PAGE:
Canadian director, David Cronenberg, has a truly eclectic filmography. Though his films cross genres, Cronenberg has largely staked out his fame in horror and science fiction with movies like Scanners. Today, he is synonymous with ‘body horror’. Academic Philip Brophy coined the term, body horror, in an article entitled Horrality – The Textuality of Contemporary Horror Films. Briefly, it refers to movies that focus on graphic transformations, violations, or destruction of the. Film critics hail Cronenberg as one of the originators of the subgenre.
On January 16, 1981, Cronenberg released Scanners, his most conventional effort to date. Often remembered for one scene, Scanners has age remarkably well in spite of its low budget. Similar to the best science fiction stories, Cronenberg’s ideas in Scanners have arguably become more interesting with time. For our first edition of The Vault for 2019, I take a closer look at Scanners
Cronenberg’s Most Conventional Story
Upon its release in 1981, Scanners represented Cronenberg’s most conventional movie. Prior to 1980, Cronenberg’s movies including Shivers, Rabid, and The Brood, were irreverent and transgressive stories that defied categorization. Though Scanners is soaked in the same low-budget atmosphere as those early entries, it represented a departure for the director.
Yet Cronenberg’s movie has several interesting threads that can be interpreted in a number of ways.
Science fiction, with a bit of mystery thrown in for good measure, Scanners sets its story in a hypothetical timeline where powerful telekinetic people , or ‘scanners’, exist. Private security firm ConSec searchers for and trains ‘scanners’ for their own purposes. But renegade ‘scanner’ Revok is assembling a private army of scanners for his own nefarious purposes. With its elements of espionage, on the surface, Scanners seems like a straightforward story. Yet Cronenberg’s movie has several interesting threads that can be interpreted in a number of ways.
Scanners Challenges With Interesting Themes
Where Scanners diverges from the conventional is with its introduction of the drug, ephemerol. Yes, there’s some convenient story-telling in the movie. But the introduction of a drug originally intended as a tranquilizer for pregnant women that inadvertently creates ‘scanners’ immediately draws parallels to the thalidomide tragedy. However, Cronenberg adds a wrinkle by blurring the lines between ‘good’ and bad’.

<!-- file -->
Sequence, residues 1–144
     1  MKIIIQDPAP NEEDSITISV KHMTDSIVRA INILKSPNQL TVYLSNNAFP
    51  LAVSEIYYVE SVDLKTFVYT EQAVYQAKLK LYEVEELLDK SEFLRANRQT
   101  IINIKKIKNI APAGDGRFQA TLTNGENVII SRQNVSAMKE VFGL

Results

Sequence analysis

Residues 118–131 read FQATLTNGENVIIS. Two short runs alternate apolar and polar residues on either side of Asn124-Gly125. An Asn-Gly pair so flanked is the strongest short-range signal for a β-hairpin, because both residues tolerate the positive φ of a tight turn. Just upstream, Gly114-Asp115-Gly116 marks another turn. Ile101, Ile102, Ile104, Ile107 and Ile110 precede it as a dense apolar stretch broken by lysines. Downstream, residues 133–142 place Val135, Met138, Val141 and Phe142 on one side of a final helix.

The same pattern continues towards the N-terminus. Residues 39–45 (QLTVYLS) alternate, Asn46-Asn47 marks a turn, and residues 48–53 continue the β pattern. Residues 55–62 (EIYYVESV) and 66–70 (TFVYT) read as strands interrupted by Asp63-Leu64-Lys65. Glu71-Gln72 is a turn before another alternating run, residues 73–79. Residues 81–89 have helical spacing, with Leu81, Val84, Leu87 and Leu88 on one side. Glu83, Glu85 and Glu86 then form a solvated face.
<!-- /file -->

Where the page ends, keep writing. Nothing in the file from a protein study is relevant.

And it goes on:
In a post-9/11 world, with concerns over biometrics, security, and privatization, Scanners takes on new meaning.
On one hand, Michael Ironside’s ‘Revok’ is clearly the major antagonist. His plan to use ephemerol to create an army of ‘scanners’ could be an Austin Powers’ story. Maybe the idea of a private security firm using psychics as ‘bio-weapons’ didn’t raise eyebrows in 1981. In a post-9/11 world, with rising concerns over biometrics, security, and privatization, Scanners takes on new meaning. Even the film’s line, ‘We’ve won’ feels less like a triumphant conclusion than skepticism. Recall that the movie’s protagonist, Cameron Vale, works for a large private security firm that’s just eliminated any competition.
Nothing To Lose Your Head Over
As previously mentioned, Cronenberg and body horror go hand in hand. Not surprisingly then, horror fans remember Scanners for one scene. I grew up in the 1980’s and the ‘head-exploding’ scene is an absolute highlight. Even after over 30 years, it’s a special effect that holds up. There are few comparable horror moments. Arguably, Tom Savini’s ‘head-exploding’ effect in Maniac comes to mind. But there’s not much else that compares.
Scanners Deserves Re-Interpretation Among Horror Fans
Ultimately, Scanners typically gets lost among the shuffle of Cronenberg’s work. To a large extent, its legacy has largely been tied to one scene. Yet many of the themes Cronenberg explored have only become relevant over time. There’s a certain level of ambiguity in the movie around its heroes, villains, and motivations. In spite of its occasional simplistic story-telling, Scanners boasts some interesting ambiguitity and challenging morality worthy of some critical re-interpretation.